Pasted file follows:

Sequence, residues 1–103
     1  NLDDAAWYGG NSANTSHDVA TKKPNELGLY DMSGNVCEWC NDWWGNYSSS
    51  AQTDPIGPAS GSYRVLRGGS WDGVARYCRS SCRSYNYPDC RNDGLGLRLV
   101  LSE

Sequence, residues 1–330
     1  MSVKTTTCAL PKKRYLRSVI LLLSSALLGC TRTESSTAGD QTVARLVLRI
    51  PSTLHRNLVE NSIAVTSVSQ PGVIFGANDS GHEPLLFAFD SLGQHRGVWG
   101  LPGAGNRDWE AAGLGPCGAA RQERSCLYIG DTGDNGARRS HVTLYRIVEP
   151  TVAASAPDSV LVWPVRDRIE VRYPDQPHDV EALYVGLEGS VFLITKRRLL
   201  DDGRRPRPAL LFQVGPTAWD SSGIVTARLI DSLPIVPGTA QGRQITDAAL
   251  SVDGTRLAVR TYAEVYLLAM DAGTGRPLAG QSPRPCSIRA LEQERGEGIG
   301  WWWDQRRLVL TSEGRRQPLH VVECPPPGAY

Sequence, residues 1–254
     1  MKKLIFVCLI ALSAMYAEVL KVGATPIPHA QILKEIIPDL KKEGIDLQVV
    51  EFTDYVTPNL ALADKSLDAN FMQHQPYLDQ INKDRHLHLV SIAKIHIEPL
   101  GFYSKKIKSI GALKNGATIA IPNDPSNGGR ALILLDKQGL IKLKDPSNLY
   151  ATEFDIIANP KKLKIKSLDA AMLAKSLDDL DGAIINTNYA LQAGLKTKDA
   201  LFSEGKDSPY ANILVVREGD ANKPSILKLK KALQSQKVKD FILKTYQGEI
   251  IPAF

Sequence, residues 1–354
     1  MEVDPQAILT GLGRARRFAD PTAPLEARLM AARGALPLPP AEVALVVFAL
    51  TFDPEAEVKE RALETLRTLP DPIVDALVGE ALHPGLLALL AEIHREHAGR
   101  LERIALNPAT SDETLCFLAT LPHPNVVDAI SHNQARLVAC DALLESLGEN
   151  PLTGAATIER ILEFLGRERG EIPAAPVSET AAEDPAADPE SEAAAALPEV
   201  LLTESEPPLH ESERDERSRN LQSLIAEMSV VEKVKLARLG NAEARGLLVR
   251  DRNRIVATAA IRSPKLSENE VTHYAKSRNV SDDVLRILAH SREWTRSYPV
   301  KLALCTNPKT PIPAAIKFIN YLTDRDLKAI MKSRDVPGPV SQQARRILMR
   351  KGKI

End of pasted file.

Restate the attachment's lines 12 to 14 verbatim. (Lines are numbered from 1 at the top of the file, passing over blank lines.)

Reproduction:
   301  WWWDQRRLVL TSEGRRQPLH VVECPPPGAY

Sequence, residues 1–254
     1  MKKLIFVCLI ALSAMYAEVL KVGATPIPHA QILKEIIPDL KKEGIDLQVV